New & Used Ford Fiesta: In Depth
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The Fiesta is Ford's subcompact offering in the U.S., the first Ford of its size in a generation. On sale since the 2011 model year, the latest Fiesta is an economical small car with a more endearing personality than most of its competitors, no matter which body style or drivetrain you choose.
The Fiesta competes with the likes of the Toyota Yaris, Kia Rio, Honda Fit, Mazda 2, Hyundai Accent, and in some versions even the MINI Cooper or Fiat 500.
The Fiesta is offered in a wide range of models, including standard four-cylinder versions, a stronger and more fuel-efficient EcoBoost three-cylinder model, and the high-performance Fiesta ST. There's a choice of a high-back sedan and a five-door hatchback.
For more on the current lineup, including pricing with options, see our full review of the 2016 Ford Fiesta. Also check out this Quick Spin in a 2014 Ford Fiesta SE, and our First Drive of the 2014 Ford Fiesta ST.
The Fiesta badge was first used in the U.S. on a subcompact three-door hatchback sold from 1978 to 1980. Ford followed that car with the Mazda-designed Festiva three-door (1986–1993) and then replaced it with the related Aspire three-door (1994–1997), which was built by Kia.
Today's Fiesta, which debuted for the 2011 model year, is Ford's first new subcompact entry since the Aspire. It was adapted for U.S. sales from a model already sold in Europe. Ford was right to change the name of its subcompact again, as it offers better performance and more standard equipment—not to mention a greater number of safety features—than any of its American predecessors ever did.
The revived Fiesta is wholly different from the typical economy car. Today's Fiesta is fully modern, with the features, handling, powertrains, and looks to make it a real competitor. The interior's interesting (if not universally loved) styling also helps set it apart from its price-minded roots.
The Fiesta is now one of the older entries in its segment. The Chevrolet Sonic, Honda Fit, Nissan Versa, and Toyota Yaris have all are debuted or been redesigned since the Fiesta was new. Pricing for the Fiesta starts around $15,000, but a fully decked-out standard model can approach $24,000, and an ST can add another $2,000.
A mild refresh for the 2014 model year gave the Fiesta revised front-end styling that takes the look from cute to a little more serious. It also added the 1.0-liter three-cylinder EcoBoost model, expanding the list of available powertrains. The 2014 model year also brought the outstanding Fiesta ST model, with its peppy turbo 1.6-liter and dialed-in chassis. Ford introduced a softer look inside, complemented by a stripped-down version of MyFord Touch, based on the SYNC Bluetooth-driven infotainment controller. Unfortunately, not all versions dropped the confusing, slanted-button array of the base audio setup.
The Fiesta's narrow body and tight backseat keep it from being as useful as some other vehicles in this class, especially compared to the cavernous interior of the Versa sedan or the flexible Fit. In reviews of the Fiesta, though, we noted that it steers and handles far better than most of the numb, soft appliance-like vehicles in the class.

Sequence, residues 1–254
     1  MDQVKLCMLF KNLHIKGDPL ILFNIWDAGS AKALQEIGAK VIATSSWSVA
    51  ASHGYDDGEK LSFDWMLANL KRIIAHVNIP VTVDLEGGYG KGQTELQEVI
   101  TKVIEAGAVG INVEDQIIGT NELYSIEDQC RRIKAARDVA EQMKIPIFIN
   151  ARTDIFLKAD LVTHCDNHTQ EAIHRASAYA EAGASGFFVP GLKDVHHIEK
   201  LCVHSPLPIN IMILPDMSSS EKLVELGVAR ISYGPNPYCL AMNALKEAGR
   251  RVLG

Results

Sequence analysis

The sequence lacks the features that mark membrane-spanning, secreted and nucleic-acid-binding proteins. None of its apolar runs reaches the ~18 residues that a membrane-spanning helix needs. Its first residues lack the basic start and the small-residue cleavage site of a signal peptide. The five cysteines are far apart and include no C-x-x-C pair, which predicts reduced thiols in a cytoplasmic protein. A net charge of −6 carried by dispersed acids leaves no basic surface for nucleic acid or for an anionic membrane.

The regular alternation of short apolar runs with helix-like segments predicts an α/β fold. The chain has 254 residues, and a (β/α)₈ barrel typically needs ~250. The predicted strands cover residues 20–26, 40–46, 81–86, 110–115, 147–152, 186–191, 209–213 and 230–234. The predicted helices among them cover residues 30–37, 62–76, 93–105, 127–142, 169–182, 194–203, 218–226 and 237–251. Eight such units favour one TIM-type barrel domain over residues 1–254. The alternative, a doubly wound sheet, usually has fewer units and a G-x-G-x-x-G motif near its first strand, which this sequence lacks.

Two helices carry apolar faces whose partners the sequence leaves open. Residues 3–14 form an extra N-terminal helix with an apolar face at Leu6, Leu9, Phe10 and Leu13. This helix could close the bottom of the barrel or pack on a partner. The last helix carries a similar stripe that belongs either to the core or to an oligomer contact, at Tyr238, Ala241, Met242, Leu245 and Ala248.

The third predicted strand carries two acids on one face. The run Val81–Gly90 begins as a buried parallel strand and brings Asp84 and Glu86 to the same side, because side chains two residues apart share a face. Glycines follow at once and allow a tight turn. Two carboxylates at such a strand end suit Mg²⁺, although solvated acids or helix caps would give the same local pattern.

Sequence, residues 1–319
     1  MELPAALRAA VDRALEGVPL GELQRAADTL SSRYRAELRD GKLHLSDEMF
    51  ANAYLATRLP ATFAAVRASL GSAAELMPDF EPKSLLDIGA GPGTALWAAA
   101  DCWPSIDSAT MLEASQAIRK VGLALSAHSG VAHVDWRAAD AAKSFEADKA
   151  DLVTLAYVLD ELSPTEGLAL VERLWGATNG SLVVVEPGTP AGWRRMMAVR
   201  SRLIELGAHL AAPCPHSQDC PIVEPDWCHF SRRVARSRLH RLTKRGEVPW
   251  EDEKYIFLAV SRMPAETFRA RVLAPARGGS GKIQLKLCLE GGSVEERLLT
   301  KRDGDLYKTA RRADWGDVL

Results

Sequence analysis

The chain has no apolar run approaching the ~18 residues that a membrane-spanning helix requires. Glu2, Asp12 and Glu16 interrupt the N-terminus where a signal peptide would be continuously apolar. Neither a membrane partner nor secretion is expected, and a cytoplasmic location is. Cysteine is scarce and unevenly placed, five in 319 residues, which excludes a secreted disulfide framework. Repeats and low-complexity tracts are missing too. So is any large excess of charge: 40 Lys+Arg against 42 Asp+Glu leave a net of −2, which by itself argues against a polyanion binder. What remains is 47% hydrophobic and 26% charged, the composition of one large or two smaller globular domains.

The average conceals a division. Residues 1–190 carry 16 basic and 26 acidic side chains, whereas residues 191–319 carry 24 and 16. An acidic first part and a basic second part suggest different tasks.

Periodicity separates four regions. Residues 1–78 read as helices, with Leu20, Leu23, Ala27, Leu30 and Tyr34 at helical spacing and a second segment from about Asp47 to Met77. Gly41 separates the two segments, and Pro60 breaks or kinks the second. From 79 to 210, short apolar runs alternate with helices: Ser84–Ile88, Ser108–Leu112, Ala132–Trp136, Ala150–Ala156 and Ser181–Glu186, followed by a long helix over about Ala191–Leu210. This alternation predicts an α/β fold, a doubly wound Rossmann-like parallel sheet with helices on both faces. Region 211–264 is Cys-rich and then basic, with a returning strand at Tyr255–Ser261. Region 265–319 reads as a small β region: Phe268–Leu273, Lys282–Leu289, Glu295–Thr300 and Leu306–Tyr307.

The two Fiestas on opposite ends of the spectrum are both available only with a manual transmission. On the efficient end, the 1.0-liter, three-cylinder EcoBoost model makes 123 hp and 148 pound-feet of torque. It achieves a 43-mpg EPA highway rating and is more fun than the standard engine to boot. On the serious performance end, there's the Fiesta ST, which packs a 1.6-liter EcoBoost four making 197 hp and 214 pound-feet of torque. It also has a near-perfect, stiffer suspension setup, grippy tires, and an all-around fun demeanor.
A 120-hp, 1.6-liter base continues to power most Fiesta models. A five-speed manual gearbox is standard, but the automatic option is an unusual and technically advanced six-speed “PowerShift” dual-clutch gearbox. We have experienced a few drivability issues with the PowerShift transmission, which isn't as smooth as we'd hoped. Engine noise in the earlier cars was also an issue, but the later models are a bit better.
The model lineup continues as it has since 2013, with S, SE, and Titanium trims. Features are a strength of the Fiesta. Even the base model includes air conditioning and an aux-in port; while at the SE level you get upgraded trim and lighting, as well as cruise control and power windows. The Titanium model gets leather heated seats, automatic climate control, heated side mirrors, the new Sync 3 infotainment system, Sony premium audio, and other extras that make it feel far better equipped than you might expect in a low-cost small car.
Sync 3 replaces the somewhat controversial MyFord Touch for 2016. It comes with a 6.5-inch touchscreen and promises to be more intuitive and less buggy than MyFord Touch. Other 2016 changes consist of a new SE Black Package and a few new color choices.
Options include a power moonroof and Ford Racing wheels. Among other novel features, the Fiesta driver can choose from several different colors of LED “mood lighting” to illuminate the cupholders, footwells, and other interior bits.